Rethinking Risk Management
by Joe Sarbinowski, Global Head of Institutional Liquidity Management Distribution, DB Advisors
Why do treasurers and other fixed income investors need to rethink risk management?
The composition of bond markets has changed dramatically in recent years, first due to stresses in the financial sector, later as a consequence of sovereign debt problems and subsequent downgrades. Simply put, there are fewer high quality, highly rated securities than there used to be, while markets have become more volatile.
How serious is the challenge?
At the end of last year, only about 7% of the corporate ratings issued by Standard & Poor’s worldwide were ‘AAA’ or ‘AA’, with fewer than 40 companies in the top rating band and only about 360 in the second tier. In Europe, just 11 financial issuers and three non-financial ones hold the ‘AAA’ rating. The US corporate bond market tells a similar story: according to Fitch Ratings, in 2011 less than 10% of outstanding US company debt was rated higher than ‘A’, down from over 20% in 2005.
Can we expect an improvement?
Not in the near term. Downgrades are continuing to occur, and negative bias (the number of issuers with negative outlooks divided by the total number of issuers) stands at 30% for financials and 28% for sovereigns.
Why is this a problem?
Many investors have guidelines that strictly limit the types of securities they can buy, especially with respect to minimum or average credit ratings. Since there are fewer high quality issuers, some portfolios are becoming concentrated in fewer names. In particular, some investors are getting more exposure to financial issuers than they might want, simply because financial institutions generally carry higher ratings than most other issuers. That’s a problem because the financial sector remains volatile and can be subject to rather indiscriminate sell-offs when systemic fears increase.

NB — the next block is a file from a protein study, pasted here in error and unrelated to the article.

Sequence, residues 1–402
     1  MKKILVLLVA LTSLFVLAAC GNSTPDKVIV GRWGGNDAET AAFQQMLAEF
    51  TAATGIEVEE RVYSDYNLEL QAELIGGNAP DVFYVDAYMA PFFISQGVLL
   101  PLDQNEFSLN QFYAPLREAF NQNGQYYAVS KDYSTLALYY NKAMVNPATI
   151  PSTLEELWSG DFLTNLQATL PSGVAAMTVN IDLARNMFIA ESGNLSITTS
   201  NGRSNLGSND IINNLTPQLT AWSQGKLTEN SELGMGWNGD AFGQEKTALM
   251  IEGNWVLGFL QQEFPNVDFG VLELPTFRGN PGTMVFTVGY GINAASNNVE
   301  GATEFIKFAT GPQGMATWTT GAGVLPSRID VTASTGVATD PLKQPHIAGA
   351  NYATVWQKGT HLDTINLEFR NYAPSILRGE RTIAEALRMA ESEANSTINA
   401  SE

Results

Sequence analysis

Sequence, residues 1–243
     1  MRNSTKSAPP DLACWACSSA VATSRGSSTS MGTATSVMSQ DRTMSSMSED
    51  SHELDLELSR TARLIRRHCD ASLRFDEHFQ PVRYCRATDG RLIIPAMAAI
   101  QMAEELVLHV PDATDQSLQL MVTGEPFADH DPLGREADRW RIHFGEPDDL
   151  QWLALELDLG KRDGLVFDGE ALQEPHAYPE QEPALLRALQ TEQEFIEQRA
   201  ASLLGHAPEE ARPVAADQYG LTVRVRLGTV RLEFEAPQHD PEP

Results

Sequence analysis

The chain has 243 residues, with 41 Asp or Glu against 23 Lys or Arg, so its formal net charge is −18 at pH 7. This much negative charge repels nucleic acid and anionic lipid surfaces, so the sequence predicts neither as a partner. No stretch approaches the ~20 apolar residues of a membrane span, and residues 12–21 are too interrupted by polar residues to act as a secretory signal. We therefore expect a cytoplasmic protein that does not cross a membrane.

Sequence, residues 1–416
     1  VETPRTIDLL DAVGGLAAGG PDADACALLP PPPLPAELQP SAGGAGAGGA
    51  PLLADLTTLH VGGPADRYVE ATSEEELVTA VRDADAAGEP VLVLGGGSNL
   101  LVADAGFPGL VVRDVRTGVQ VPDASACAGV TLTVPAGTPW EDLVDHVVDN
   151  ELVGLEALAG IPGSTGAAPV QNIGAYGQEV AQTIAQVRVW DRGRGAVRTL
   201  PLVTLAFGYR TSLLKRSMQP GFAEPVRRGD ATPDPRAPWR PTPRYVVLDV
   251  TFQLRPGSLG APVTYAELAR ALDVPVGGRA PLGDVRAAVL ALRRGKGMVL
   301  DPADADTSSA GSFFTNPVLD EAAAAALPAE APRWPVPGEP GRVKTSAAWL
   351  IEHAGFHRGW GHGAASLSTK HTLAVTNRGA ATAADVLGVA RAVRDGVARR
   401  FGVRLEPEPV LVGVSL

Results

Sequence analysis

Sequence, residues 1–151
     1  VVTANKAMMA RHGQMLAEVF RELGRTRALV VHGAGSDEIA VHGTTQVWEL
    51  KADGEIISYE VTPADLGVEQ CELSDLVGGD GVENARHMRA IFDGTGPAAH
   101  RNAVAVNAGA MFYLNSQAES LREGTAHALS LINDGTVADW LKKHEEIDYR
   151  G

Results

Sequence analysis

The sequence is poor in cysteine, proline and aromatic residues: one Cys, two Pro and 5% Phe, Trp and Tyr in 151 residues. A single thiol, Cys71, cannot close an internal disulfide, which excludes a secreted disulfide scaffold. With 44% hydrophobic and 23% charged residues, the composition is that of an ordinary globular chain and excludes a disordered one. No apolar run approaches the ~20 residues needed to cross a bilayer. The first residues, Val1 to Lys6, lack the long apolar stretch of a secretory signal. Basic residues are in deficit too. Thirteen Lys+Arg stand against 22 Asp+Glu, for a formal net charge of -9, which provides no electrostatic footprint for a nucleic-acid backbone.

With markets remaining volatile, shouldn’t investors be sticking to the highest rated securities?
Not necessarily. A ‘BBB’ rated non-financial issuer – a utility company, for example – may well be a better credit risk than an ‘A-’ rated bank. It carries a lower rating because it has higher leverage, but given the stable nature of its business, it can generally service its debt. Financial issuers may be more likely to be negatively affected by a systemic event.
Another area where ratings may diverge from real credit risk is when the rating on a large company – a bank in a peripheral European country, say – reflects the domestic sovereign rating rather than the actual (potentially lower) credit risk associated with the company’s globally diversified operations.
Can ratings be relied upon?
Rating agencies do valuable work. The point is that investors need to take a wider perspective, looking at what the market is saying in addition to considering the agencies’ view. For example, credit default swap premiums – i.e., the cost of insuring against default – are much higher for some banks in the ‘A-‘ to ‘AA-‘ range than for some ‘BBB’ rated non-financials. In other words, the collective view of market participants is that money is safer invested in the debt of the lower-rated non-financial issuers than in that of the higher-rated financial issuers. That is a perspective that ought to be considered.
What are the implications for money market funds?
Money market funds will continue to be an essential tool for treasurers and other investors at the short end of the curve, and they will continue to invest in highly rated securities as their parameters require them to do. What has changed is that investors are rightly paying much more attention to the quality and breadth of their money managers’ resources, especially with respect to credit and risk analysis, and also in terms of transparency and reporting. At the same time, many traditional users of money market funds are having to broaden their perception of risk management.
Treasurers have to manage many different types of risk, so they need a multi-faceted approach to risk management. Managing risk with the objective of making sure that money will absolutely, definitely be available overnight – which is what money market funds provide – is very different to managing risk with the objective of not losing money in real terms over a quarter. We often use the term ‘risk bucketing’ to compartmentalise specific risk types. We work with our clients to help them construct portfolios designed to address each risk bucket for their liquidity.